Child wellbeing Indicators for Social Development - PowerPoint PPT Presentation

Loading...

PPT – Child wellbeing Indicators for Social Development PowerPoint presentation | free to view - id: 3de72-YzQzY



Loading


The Adobe Flash plugin is needed to view this content

Get the plugin now

View by Category
About This Presentation
Title:

Child wellbeing Indicators for Social Development

Description:

with neither a TV nor a radio. Denominator = Total children. 2: The Employment Domain ... Living in a shack; With no pit latrine with ventilation or flush toilet; ... – PowerPoint PPT presentation

Number of Views:153
Avg rating:3.0/5.0
Slides: 41
Provided by: mariset
Category:

less

Write a Comment
User Comments (0)
Transcript and Presenter's Notes

Title: Child wellbeing Indicators for Social Development


1
Child wellbeing Indicators for Social Development
  • Andy Dawes

Child Youth, Family Social Development research
programme Human Sciences Research Council Cape
Town, South Africa (www.hsrc.ac.za)
adawes_at_hsrc.ac.za Presented to the Department of
Health Social Development Limpopo 21 February
2007
2
Outline
  • Who are we? The HSRC
  • ME quick review
  • Indicators
  • A rights-based approach to monitoring child
    well-being
  • Some examples

3
Who are we? www.hsrc.ac.za
  • Status Research Council established by Act of
    Parliament 1968 / 2007.
  • Structure 4 National Research Programmes (plus
    centres) offices in 3 Regions
  • Mandate
  • to undertake research in the human and social
    sciences
  • to provide advice on social science research and
    the utilization of research to the benefit of the
    country
  • to co-operate with national and international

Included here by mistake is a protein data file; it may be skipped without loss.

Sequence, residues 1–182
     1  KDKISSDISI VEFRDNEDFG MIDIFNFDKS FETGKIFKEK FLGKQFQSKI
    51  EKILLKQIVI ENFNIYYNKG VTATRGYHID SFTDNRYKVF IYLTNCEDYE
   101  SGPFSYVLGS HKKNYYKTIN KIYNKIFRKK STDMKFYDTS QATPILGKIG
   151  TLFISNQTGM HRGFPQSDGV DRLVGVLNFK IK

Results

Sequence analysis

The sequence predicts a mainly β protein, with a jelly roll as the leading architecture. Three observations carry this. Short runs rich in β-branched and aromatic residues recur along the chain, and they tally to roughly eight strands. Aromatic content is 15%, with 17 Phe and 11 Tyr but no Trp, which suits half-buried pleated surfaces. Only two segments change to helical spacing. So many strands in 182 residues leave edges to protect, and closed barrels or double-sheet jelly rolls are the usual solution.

research counterparts as well as users of
    research
  • to publish and disseminate research findings.

4
ME Review Programme Evaluation
  • The systematic collection of information about
    the activities, characteristics, and outcomes of
    programs in order to
  • evaluate the programmes effectiveness in
    achieving intended outcomes and goals.
  • improve effectiveness, and/or inform decisions
    about future programming.
  • Add to the data on what works (is effective) in a
    particular field.

5
Main Purposes of M E (1)
  • Internal
  • To assist programme staff to do a better job.
  • M E is a fundamental tool to improve practices
    and strengthen your programme.
  • M E helps you find out what works for which
    participants at what cost.
  • M E is therefore an ethical practice.

6
Main Purposes of M E (2)
  • External
  • To advance good practice through gathering
    evidence as to what works and what does not.
  • Allows us to ensure that what we only go to scale
    with what works.
  • To improve the state of knowledge on how to
    improve child / family / community outcomes.
  • Enables us to be accountable for what we do.

7
ME Review Monitoring
  • Refers to the systematic process of tracking all
    relevant aspects of an intervention. Used in
    process evaluation.
  • In order to enable one to judge both the quality
    of programme delivery (programme inputs) and the
    outcomes (effectiveness) we require
  • An effective information system for recording the
    goals, resources, inputs, activities outcomes
    of the programme.
  • The development of good indicators and simple
    measures of delivery (inputs integrity etc),
    outcomes and if possible, impacts.

8
Why have indicators?
  • The primary purposes of indicators are
  • To provide decision-makers with information to
    influence policy development, programme
    implementation, resource allocation and services
  • To raise public awareness about peoples needs
    and circumstances
  • To facilitate the monitoring and evaluation of
    social policies, services and programmes.

9
What are indicators?
  • Indicators provide information. Indicators point
    to something e.g. Childrens risk of injury.